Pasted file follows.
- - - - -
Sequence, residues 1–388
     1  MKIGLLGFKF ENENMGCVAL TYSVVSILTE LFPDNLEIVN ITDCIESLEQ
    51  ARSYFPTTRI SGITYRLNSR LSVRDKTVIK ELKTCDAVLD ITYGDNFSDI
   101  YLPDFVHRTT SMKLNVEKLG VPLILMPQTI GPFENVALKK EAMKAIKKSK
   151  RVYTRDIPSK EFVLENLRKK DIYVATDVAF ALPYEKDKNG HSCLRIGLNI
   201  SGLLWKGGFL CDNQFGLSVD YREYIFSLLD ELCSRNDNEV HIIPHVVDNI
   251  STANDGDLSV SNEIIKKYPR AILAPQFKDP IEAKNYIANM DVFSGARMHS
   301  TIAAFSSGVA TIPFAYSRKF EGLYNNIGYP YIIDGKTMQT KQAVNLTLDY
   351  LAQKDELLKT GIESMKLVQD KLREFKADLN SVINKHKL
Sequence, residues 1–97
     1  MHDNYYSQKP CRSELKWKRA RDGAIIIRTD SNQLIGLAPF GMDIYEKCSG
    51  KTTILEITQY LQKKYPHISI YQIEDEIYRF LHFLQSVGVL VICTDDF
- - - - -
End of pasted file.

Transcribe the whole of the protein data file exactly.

Sequence, residues 1–388
     1  MKIGLLGFKF ENENMGCVAL TYSVVSILTE LFPDNLEIVN ITDCIESLEQ
    51  ARSYFPTTRI SGITYRLNSR LSVRDKTVIK ELKTCDAVLD ITYGDNFSDI
   101  YLPDFVHRTT SMKLNVEKLG VPLILMPQTI GPFENVALKK EAMKAIKKSK
   151  RVYTRDIPSK EFVLENLRKK DIYVATDVAF ALPYEKDKNG HSCLRIGLNI
   201  SGLLWKGGFL CDNQFGLSVD YREYIFSLLD ELCSRNDNEV HIIPHVVDNI
   251  STANDGDLSV SNEIIKKYPR AILAPQFKDP IEAKNYIANM DVFSGARMHS
   301  TIAAFSSGVA TIPFAYSRKF EGLYNNIGYP YIIDGKTMQT KQAVNLTLDY
   351  LAQKDELLKT GIESMKLVQD KLREFKADLN SVINKHKL
Sequence, residues 1–97
     1  MHDNYYSQKP CRSELKWKRA RDGAIIIRTD SNQLIGLAPF GMDIYEKCSG
    51  KTTILEITQY LQKKYPHISI YQIEDEIYRF LHFLQSVGVL VICTDDF